I’m already picking up so much of the Chinese language and it’s only been a couple days, which makes me really excited for learning more. Today in class we started looking at characters for the first time, finished going over all of the initials, finals, and tones and also started talking in some simple conversation. Sweet.

It’s exciting for me to continue to gain a level of comfort and understanding in the language and I can’t wait to see what I can do in a couple weeks, months, or a year. It’s going to be so awesome.

But, for now I’ll keep on learning, day-by-day, as well as talking to strangers as long as they’ll still listen to me.

What I Learned My First Day of Beginner Chinese Language Classes

Well, today was the day. The day that I’ve been anticipating for over a month now since I decided to move to China and learn Mandarin Chinese. Now that it’s here I feel great about the decision and even though it took a good amount of digging to find the Hainan Premier Language school in Haikou, it was totally worth it.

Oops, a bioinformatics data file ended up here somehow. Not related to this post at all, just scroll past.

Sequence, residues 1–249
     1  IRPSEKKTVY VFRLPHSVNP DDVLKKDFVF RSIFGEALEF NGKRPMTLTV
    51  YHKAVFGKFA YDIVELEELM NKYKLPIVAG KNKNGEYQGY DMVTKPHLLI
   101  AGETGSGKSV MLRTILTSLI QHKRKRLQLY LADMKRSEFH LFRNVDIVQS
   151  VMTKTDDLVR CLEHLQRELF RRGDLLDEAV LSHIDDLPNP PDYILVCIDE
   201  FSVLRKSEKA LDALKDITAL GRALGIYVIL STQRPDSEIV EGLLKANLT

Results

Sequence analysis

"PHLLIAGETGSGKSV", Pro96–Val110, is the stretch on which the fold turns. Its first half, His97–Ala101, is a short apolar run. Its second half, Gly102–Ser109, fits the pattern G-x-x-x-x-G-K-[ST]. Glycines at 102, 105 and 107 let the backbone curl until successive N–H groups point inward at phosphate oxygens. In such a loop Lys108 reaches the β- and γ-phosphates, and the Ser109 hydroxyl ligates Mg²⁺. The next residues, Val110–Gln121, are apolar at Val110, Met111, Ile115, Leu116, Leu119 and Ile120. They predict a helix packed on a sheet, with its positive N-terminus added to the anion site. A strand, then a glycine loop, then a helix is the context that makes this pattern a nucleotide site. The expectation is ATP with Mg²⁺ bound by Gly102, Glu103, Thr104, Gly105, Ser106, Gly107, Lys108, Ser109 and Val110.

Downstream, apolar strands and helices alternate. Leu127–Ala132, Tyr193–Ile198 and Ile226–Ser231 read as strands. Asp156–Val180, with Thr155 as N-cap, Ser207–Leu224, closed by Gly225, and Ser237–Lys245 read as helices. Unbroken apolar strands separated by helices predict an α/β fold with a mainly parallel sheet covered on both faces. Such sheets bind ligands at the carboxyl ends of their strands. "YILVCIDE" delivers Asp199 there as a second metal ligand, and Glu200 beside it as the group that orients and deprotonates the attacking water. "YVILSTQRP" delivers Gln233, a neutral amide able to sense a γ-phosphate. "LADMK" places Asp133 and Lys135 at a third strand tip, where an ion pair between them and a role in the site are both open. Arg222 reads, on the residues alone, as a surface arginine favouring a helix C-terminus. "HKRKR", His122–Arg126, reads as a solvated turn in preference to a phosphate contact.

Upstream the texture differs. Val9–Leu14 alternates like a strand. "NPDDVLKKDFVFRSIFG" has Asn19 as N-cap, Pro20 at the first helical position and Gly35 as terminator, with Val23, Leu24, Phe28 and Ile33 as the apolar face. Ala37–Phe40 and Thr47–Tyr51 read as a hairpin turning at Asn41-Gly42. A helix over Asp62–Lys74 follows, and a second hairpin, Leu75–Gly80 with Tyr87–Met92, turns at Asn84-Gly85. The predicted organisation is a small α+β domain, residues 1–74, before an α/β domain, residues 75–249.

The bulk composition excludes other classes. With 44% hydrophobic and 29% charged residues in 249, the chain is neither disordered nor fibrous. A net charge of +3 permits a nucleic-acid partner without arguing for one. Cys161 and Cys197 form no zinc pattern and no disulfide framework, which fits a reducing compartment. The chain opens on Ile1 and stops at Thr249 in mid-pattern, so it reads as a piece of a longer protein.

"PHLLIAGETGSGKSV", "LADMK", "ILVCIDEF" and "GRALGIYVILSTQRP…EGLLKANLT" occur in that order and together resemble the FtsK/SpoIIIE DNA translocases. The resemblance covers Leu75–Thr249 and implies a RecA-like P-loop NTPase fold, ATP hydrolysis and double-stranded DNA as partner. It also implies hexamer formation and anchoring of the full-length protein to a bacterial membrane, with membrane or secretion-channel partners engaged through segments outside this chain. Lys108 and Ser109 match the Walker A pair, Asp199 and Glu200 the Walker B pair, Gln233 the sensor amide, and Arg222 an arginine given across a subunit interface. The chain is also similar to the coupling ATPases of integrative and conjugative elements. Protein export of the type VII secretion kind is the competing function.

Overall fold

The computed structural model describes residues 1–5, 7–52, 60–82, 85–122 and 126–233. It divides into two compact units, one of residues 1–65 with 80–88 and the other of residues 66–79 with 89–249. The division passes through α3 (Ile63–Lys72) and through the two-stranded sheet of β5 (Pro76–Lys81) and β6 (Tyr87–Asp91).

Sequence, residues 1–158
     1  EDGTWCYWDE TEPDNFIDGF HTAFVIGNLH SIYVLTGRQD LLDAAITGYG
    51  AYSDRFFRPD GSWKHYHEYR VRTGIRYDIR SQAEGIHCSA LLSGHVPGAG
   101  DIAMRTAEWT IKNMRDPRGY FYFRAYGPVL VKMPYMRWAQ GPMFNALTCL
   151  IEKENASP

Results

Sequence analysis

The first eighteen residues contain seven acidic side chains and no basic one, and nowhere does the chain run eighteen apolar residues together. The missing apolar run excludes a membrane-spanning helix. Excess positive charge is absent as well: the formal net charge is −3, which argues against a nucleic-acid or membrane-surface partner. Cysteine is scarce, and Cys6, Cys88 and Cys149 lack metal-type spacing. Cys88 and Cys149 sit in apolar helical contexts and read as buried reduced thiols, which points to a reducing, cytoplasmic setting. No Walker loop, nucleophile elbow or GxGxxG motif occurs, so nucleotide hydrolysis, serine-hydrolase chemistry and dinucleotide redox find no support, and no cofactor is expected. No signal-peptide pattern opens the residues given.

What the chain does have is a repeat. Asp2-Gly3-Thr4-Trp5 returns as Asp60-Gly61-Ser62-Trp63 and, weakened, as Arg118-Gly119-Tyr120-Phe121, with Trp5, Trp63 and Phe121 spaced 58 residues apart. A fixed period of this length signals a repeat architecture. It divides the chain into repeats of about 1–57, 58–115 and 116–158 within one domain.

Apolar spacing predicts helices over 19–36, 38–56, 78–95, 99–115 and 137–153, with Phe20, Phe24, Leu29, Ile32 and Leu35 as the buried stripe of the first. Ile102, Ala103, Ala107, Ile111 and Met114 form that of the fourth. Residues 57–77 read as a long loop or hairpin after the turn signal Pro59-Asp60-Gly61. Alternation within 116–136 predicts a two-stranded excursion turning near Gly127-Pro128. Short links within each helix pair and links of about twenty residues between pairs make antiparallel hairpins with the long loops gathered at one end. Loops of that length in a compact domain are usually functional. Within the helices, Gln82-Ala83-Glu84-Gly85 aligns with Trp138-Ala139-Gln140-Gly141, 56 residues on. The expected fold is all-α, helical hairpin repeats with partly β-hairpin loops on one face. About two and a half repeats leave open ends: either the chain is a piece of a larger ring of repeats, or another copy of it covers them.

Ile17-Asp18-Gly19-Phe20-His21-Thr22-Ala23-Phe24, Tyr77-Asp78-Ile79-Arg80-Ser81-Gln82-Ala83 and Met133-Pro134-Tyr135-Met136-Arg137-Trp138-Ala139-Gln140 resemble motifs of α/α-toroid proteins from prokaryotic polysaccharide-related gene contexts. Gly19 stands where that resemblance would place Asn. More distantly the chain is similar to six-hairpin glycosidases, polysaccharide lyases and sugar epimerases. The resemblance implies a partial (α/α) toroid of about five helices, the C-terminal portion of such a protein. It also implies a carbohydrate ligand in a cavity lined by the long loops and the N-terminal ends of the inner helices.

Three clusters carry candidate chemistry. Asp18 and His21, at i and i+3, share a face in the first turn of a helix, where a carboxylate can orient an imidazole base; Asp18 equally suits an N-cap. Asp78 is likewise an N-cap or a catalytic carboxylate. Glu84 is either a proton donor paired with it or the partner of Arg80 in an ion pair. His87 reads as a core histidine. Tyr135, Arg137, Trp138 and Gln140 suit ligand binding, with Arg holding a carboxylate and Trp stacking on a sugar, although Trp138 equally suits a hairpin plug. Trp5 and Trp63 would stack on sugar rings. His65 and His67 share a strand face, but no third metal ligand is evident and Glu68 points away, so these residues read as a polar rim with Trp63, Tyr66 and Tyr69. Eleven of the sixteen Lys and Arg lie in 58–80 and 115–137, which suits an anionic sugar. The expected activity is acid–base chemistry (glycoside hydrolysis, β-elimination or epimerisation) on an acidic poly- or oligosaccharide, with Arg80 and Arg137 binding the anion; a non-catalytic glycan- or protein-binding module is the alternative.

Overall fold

Having some structure is important for me

I was looking forward to having classes in the morning during the week for a couple of reasons. The obvious one is that I’m going to learn the Chinese language, which is super bad ass and I’m totally excited about it. The other reason is a little more nuanced as it has more to do with getting me on a regular schedule, which I haven’t been on for a while now.

If you asked people if they like to be forced into some sort of structure during their workday many would respond that no, they don’t. But, take them out of that structure and they won’t know what the heck to do with their time and energy. I’ve realized that I’m one of these people and having just a little bit of structure to get me up and ready to roll in the morning is super important.